WorkQueue Norm inQ = 0 number of operations in the Q WorkQueue Norm peak = 1 the peak of operations in the Q WorkQueue Norm totalIn = 1875 the total # of operations put by the connection handlers WorkQueue Norm totalOut = 1875 the total # of operations get by the workers WorkQueue High inQ = 0 -- same but foe the "high priority" Q WorkQueue High peak = 0 -- same but foe the "high priority" Q WorkQueue High totalIn = 0 -- same but foe the "high priority" Q WorkQueue High totalOut = 0 -- same but foe the "high priority" Q WorkQueue abandonRequests = 0 the number of abandon requests WorkQueue abandonSuccess = 0 the number of succeeded abandons
When the WorkQueue is empty, the WorkerThreads are idle. As soon as a WorkerThread has got an operation from the WorkQueue it becomes busy. The resource dumper provides the state of the WorkerThreads:
WorkerThread: idle = 49 --> all the WorkerThreads are idle but 1 WorkerThread: busy = 1
In the first step of processing, the WorkerThread gets a list of data views where the operation can be routed to. This step is not described here. Then each elected data view goes through a data source pool to get an LDAP server. The choice of the LDAP server is done by the Load Balancing algorithm. For example, if the Proportional load balancing was in use then the statistics would look like the following:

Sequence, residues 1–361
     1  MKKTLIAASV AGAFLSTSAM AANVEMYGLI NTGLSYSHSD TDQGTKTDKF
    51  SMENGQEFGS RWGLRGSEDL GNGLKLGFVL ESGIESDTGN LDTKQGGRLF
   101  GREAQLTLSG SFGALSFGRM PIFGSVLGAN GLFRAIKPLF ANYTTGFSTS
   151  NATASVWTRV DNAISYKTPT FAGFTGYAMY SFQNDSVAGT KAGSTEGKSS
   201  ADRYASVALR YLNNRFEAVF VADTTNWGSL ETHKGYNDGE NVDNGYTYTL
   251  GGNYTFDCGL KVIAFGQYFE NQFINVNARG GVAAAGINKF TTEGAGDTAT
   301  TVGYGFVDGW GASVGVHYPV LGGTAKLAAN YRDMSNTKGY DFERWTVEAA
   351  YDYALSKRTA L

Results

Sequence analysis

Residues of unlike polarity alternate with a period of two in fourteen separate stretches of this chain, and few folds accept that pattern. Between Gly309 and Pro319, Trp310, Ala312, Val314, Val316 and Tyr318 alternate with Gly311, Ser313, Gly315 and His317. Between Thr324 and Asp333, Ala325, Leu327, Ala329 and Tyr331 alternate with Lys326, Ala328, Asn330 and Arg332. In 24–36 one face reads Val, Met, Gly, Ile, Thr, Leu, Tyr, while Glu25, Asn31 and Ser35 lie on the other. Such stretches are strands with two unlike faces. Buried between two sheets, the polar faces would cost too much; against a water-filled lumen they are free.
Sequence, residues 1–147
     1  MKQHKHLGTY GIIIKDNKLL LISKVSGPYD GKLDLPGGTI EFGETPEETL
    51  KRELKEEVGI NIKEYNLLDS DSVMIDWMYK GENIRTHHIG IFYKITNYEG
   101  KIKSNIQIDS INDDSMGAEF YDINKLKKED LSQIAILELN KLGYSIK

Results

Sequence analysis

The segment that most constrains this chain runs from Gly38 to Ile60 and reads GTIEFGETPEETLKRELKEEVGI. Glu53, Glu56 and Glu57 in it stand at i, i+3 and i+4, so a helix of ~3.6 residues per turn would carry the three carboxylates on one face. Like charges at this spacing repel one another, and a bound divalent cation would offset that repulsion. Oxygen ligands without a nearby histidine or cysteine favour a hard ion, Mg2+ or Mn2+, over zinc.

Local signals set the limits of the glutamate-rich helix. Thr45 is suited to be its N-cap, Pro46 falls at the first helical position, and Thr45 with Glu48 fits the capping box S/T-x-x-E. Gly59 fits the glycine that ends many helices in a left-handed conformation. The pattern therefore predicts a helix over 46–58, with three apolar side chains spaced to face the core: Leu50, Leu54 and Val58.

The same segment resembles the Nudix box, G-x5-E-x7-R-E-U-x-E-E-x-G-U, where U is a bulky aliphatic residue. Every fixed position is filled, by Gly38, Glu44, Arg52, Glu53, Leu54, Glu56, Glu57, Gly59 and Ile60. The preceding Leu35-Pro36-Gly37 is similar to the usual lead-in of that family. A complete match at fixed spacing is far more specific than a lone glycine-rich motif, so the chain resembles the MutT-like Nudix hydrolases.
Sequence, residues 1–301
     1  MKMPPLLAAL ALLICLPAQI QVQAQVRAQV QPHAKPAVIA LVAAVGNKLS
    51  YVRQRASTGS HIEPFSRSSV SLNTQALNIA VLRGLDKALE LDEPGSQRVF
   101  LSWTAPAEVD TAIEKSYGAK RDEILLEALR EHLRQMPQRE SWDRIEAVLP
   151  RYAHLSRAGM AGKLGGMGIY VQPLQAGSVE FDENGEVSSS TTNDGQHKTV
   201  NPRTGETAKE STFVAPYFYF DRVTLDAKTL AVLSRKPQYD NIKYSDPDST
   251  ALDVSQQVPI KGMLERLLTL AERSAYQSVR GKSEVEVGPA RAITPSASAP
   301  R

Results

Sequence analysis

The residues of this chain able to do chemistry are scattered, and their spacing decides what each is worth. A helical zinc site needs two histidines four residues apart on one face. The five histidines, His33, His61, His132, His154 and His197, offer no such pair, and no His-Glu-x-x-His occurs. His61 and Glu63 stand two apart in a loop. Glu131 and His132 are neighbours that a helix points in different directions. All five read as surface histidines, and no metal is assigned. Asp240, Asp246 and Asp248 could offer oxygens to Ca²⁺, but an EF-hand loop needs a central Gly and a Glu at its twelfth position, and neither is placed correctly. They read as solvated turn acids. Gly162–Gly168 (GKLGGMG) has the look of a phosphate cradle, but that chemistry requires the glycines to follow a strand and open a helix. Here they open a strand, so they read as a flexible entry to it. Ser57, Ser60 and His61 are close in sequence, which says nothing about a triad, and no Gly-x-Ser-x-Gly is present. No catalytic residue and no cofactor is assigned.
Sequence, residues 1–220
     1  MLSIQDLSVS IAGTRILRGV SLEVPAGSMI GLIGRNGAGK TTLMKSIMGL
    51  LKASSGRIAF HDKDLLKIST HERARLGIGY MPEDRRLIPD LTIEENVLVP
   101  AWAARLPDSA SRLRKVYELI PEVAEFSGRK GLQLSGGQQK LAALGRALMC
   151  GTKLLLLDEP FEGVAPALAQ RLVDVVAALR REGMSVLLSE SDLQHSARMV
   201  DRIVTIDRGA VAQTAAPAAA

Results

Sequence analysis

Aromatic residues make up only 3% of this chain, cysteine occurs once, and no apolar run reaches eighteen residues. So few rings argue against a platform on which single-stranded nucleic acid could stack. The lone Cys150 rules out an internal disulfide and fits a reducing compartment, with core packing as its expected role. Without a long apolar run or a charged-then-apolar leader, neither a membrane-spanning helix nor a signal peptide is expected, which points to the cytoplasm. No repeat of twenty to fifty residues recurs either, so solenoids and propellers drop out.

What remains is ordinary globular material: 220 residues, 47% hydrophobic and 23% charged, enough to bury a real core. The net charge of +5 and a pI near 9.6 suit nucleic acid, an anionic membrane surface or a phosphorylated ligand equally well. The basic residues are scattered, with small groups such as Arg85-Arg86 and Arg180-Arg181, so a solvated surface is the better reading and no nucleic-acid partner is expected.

Data Source Pool pool1 pool1 - ProportionalLB - total connections - Bind (provided=0 refused=0) pool1 - ProportionalLB - total connections - Add (provided=0 refused=0) pool1 - ProportionalLB - total connections - Search (provided=0 refused=0) pool1 - ProportionalLB - total connections - Compare (provided=0 refused=0) pool1 - ProportionalLB - total connections - Delete (provided=0 refused=0) pool1 - ProportionalLB - total connections - Modify (provided=0 refused=0) pool1 - ProportionalLB - total connections - ModifyDN (provided=0 refused=0) pool1 - ProportionalLB - Connections per server for Bind pool1 - ProportionalLB - ds1 (provided=0 refused=0) pool1 - ProportionalLB - Connections per server for Add pool1 - ProportionalLB - ds1 (provided=0 refused=0) pool1 - ProportionalLB - Connections per server for Search pool1 - ProportionalLB - ds1 (provided=0 refused=0) pool1 - ProportionalLB - Connections per server for Compare pool1 - ProportionalLB - ds1 (provided=0 refused=0) pool1 - ProportionalLB - Connections per server for Delete pool1 - ProportionalLB - ds1 (provided=0 refused=0) pool1 - ProportionalLB - Connections per server for Modify pool1 - ProportionalLB - ds1 (provided=0 refused=0) pool1 - ProportionalLB - Connections per server for ModifyDN pool1 - ProportionalLB - ds1 (provided=0 refused=0)